THERE is a pause before the young dad sat in front of me starts trying to explain why he has come.
Words don’t come easily but his face communicates everything.
The pressure he is under at work, the fear of being made redundant, the guilt he feels about not being there for his family, the worry about managing to support them.
The cycle of sleepless nights, worse performance at work and no defences against the escalating general worry.
He knows his temper is quicker than ever before and he feels awful about that and the effect it has on his wife and children.
After a gentle prompt, he admits to drinking a bottle of wine a night to block the thoughts out and get him to sleep, but recognised he always woke up in a panic with four lonely and frightening hours of worrying to endure before getting ready for work.
Money worries and the strain the situation places on his relationship lead him to thoughts that his wife may leave, along with the children.
It is at this desolate time his worst fear always haunts him; he only has one way out.
But how could he consider that as dad to two beautiful children who need him?
Depression and anxiety overlap and are very broad terms for the vicious cycle of destructive circumstances and their negative effects on your internal world.
This leads to a trap, which can be difficult to escape on your own.
Many people are fearful of naming this situation, feeling that it is a sign of ‘madness’ or ‘weakness’.
It is neither mad nor weak to experience depression; one in four of us do at some point in our lifetime and denial prevents people from finding relief, asking for help.
This perception and actual stigma is something Brighter Berkshire’s Year of Mental Health aims to tackle.
Those involved have all worked in, cared for people or used mental health services and want to raise the profile of mental health, reduce the associated stigma and improve access to support and information.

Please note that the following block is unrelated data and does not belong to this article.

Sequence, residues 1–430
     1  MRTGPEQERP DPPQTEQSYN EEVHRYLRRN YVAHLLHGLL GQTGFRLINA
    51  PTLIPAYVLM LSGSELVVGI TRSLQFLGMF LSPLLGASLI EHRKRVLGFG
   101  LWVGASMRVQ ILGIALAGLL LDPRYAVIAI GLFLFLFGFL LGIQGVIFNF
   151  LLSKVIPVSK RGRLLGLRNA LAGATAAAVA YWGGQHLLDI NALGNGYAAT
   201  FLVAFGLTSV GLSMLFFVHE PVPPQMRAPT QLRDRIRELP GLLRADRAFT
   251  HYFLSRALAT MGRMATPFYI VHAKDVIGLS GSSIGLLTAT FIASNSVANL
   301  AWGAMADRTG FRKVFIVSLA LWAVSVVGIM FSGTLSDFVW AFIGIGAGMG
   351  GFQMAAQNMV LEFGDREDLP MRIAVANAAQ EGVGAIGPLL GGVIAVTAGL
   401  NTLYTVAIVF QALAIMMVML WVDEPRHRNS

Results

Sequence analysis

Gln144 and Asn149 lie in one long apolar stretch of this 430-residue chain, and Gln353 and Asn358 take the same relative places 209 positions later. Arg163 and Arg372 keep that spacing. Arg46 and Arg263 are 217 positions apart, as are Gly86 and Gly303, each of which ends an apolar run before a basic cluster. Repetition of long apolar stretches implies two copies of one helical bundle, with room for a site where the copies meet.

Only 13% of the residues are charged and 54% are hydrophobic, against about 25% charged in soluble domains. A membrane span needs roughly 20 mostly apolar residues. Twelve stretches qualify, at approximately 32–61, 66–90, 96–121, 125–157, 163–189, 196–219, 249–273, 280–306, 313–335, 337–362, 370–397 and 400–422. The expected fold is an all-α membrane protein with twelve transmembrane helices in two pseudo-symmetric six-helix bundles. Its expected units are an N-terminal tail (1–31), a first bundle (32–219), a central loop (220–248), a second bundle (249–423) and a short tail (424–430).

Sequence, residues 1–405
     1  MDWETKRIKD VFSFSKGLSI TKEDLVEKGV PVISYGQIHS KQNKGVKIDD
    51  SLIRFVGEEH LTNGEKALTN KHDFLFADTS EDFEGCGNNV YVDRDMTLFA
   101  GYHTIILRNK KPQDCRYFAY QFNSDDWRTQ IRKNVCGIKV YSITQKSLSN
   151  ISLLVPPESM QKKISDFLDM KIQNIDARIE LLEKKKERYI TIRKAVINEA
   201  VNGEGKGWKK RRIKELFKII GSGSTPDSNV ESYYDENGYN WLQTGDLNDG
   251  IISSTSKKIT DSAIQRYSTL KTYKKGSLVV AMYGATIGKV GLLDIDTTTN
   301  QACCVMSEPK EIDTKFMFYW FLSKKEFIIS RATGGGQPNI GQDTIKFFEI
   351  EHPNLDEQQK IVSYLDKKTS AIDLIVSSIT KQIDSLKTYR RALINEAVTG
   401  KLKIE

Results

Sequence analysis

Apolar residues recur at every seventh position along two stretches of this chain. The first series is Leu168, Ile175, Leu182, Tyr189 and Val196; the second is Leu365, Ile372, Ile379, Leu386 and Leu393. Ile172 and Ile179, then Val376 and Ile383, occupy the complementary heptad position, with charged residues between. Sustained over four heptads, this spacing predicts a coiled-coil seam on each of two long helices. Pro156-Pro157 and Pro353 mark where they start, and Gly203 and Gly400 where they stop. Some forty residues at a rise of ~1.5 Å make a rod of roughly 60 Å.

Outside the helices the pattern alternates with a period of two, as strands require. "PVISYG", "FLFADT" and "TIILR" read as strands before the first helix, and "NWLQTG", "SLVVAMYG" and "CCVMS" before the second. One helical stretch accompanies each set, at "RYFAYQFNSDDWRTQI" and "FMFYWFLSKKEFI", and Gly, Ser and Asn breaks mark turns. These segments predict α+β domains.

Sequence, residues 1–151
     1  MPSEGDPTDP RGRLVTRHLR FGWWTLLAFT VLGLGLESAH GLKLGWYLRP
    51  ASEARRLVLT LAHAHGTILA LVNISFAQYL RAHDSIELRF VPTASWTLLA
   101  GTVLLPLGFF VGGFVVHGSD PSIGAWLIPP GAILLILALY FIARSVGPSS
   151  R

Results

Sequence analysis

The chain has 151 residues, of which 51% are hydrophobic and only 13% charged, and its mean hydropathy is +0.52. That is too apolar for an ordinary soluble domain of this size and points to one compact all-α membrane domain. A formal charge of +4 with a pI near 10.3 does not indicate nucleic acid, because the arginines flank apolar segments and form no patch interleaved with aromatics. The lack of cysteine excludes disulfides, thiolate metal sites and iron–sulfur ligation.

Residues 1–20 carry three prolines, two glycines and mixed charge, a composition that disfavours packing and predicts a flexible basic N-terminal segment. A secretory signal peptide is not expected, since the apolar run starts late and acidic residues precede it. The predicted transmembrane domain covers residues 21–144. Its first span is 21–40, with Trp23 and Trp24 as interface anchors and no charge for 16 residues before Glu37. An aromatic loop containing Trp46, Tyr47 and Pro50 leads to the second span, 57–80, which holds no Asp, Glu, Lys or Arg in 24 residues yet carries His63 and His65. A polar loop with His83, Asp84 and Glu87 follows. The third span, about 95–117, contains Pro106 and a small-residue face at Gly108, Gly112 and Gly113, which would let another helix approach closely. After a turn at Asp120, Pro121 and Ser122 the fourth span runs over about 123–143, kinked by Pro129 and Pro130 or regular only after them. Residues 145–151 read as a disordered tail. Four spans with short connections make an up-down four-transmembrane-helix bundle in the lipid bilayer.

There is plenty available in West Berkshire.
We are lucky to have one of the top-performing talking therapies services in England, which uses proven types of cognitive and other psychological approaches.
It’s a friendly, approachable service with advisers and therapists trained to help people with depression, anxiety and other associated problems.
You can refer yourself online www.talkingtherapies.berkshire. nhs.uk or by phone on 0300 365 2000.
Other methods include using mindfulness techniques – using meditation and cognitive therapy together – to slow the mind down and spot, then manage, negative thoughts.
The young dad made a brave start by turning up to see me.
He never usually came to the GP so I was a complete stranger to him – and reviewing him a week or so later, he had made small steps forwards.
As well as reducing his drinking and getting back to playing football, he and his wife had sought help from Citizens Advice regarding their debt and he was starting to see a way back to the person he used to be – more balanced and less hopeless in his outlook and capable of being there for his family.
This column is brought to you through a partnership between the Newbury Weekly News, the Oxford Academic Health Science Network and your local Health and Wellbeing Board.